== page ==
As China rebuilds its hog population after an African swine fever epidemic nearly halved its herd, Canada’s soybean exports to the country increased to nearly 450,000 tonnes last year – still a fraction of what they used to be.
Soybeans are Canada’s third-largest field crop, behind wheat and canola, with more than 30,000 farms growing the legume. Production last year totalled more than 6.3 million tonnes, most of that in Ontario, Quebec and Manitoba. Roughly two-thirds of Canadian soybeans are exported, bound primarily for Iran, China, Japan, Italy and Bangladesh.
The beans are either exported raw or crushed in Canada into their two main components: oil, which is used in cooking, renewable fuels and plastic resin; and meal, which is overwhelmingly used in livestock feed. Canada has three large processing plants – two in Ontario and one in Quebec – as well as some smaller facilities in those provinces and in Manitoba. The country processes about one-third of the soybeans it produces; the U.S., by comparison, processes roughly half of what it grows.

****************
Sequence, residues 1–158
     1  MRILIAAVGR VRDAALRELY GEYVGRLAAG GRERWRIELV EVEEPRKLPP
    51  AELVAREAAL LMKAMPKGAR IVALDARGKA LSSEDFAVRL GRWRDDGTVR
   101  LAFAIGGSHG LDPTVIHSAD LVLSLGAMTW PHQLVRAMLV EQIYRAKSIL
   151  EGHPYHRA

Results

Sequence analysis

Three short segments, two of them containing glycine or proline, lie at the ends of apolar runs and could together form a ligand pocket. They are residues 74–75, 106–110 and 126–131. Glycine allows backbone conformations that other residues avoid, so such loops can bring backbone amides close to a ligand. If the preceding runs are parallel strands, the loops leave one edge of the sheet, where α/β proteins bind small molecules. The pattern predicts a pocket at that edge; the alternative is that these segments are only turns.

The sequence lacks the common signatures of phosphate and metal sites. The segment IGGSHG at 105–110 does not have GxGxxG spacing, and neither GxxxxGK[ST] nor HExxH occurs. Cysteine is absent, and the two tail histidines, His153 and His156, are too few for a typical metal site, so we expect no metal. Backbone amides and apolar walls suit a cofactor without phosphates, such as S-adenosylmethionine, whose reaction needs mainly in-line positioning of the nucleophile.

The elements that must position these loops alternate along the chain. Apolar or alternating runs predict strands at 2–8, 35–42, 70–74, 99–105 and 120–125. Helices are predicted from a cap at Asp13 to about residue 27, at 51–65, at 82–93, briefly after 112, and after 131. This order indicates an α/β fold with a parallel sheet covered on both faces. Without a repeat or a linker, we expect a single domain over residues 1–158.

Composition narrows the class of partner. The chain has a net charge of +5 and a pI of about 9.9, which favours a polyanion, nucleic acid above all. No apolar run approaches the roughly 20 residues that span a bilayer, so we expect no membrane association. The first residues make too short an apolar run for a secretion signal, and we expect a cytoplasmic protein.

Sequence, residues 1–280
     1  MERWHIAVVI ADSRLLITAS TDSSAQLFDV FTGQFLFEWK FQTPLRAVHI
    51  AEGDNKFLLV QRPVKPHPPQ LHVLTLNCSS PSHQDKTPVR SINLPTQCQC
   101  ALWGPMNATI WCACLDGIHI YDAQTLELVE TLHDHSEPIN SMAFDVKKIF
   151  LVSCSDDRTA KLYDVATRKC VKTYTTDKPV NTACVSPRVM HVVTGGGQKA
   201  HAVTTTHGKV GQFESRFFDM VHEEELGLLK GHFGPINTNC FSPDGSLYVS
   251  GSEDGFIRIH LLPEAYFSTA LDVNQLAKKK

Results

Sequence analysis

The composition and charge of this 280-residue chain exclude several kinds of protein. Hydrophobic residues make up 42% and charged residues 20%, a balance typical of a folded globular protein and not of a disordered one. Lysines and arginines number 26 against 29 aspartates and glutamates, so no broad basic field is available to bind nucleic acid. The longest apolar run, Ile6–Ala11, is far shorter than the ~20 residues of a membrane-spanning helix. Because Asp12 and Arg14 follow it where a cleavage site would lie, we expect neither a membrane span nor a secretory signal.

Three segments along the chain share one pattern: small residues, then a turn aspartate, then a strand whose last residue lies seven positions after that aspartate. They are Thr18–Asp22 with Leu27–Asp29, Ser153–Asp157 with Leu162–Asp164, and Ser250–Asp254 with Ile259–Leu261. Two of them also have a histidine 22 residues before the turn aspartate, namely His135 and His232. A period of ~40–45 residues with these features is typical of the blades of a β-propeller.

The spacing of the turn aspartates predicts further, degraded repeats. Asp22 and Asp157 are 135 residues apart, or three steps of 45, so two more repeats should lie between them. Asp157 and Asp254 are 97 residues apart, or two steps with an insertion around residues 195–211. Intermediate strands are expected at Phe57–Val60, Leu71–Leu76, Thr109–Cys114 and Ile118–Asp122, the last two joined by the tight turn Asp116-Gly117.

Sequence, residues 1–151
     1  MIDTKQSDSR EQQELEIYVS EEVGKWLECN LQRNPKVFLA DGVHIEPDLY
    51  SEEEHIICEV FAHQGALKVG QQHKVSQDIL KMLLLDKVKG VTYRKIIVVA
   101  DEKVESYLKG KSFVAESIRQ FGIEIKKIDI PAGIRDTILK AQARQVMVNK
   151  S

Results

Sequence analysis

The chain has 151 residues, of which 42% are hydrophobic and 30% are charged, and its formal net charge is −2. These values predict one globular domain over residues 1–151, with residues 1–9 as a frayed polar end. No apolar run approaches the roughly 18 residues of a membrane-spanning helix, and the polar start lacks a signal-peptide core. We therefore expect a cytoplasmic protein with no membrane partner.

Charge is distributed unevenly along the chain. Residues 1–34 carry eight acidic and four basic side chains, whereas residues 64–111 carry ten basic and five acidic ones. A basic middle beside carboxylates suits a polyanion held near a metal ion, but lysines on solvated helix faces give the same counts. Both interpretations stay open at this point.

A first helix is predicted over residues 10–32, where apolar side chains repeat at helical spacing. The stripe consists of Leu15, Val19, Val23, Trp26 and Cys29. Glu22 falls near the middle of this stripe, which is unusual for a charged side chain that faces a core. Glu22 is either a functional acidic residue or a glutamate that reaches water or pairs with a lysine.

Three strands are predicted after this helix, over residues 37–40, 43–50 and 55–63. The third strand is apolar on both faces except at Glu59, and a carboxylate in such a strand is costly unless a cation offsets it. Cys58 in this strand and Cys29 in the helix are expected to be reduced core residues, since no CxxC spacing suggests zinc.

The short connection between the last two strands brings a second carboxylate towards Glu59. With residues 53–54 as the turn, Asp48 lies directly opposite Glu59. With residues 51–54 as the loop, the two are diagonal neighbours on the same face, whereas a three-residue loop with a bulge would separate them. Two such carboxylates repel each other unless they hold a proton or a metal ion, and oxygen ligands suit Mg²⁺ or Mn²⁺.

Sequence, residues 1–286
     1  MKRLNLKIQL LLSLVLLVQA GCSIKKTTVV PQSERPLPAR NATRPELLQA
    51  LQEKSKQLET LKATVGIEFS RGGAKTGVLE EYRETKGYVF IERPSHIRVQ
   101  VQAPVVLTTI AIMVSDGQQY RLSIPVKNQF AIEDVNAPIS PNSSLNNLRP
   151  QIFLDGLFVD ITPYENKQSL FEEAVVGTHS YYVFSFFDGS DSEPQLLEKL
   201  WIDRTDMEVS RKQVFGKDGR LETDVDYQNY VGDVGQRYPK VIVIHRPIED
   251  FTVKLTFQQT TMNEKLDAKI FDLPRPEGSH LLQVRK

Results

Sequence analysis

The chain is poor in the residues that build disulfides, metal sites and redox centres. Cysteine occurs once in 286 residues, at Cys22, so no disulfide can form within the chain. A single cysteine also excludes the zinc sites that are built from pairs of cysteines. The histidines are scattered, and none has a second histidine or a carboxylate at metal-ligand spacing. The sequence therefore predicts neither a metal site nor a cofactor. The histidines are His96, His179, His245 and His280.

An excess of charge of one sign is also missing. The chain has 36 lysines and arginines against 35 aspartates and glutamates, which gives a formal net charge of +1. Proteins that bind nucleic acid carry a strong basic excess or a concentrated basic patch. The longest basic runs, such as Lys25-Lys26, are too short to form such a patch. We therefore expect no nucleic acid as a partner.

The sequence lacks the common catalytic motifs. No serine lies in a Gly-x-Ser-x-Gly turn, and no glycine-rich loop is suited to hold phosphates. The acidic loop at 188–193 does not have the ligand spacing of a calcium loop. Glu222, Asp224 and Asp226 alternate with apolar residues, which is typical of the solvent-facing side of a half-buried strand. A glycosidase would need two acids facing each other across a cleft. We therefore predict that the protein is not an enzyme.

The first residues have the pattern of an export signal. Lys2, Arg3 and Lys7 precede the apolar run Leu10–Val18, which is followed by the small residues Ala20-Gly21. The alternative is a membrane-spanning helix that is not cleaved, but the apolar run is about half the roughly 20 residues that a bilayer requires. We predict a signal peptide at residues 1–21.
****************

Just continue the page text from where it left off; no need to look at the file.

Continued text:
Mr. Millington is not alone in believing there is room to increase Canada’s processing capacity.
Minnesota-based Ceres Global Ag Corp. is in the midst of completing an expansion of its soybean processing plant in southern Manitoba in light of strong demand for livestock feed in the area and rising demand for renewable biofuels in the U.S. (soybean oil is the primary raw input for renewable diesel). “Already in southern Manitoba, the value of our soybean oil has more than doubled in the last six months,” said Ceres president and chief executive Robert Day. “We like the prospects of that business.”
Brian Innes, executive director of industry group Soy Canada, said there is momentum in the sector to increase processing capacity, which would boost the economy, create jobs and limit trade risk. “There are a lot of projects in process, but the CPI plant is the first to be announced,” he said. “It’s the goal of the soybean industry to process more here in Canada.”
While CPI is looking to keep its soybeans in Canada, Manuel Gendron is just trying to get his out. Mr. Gendron is the general manager of Ceresco, one of Canada’s largest exporters of food-grade soybeans.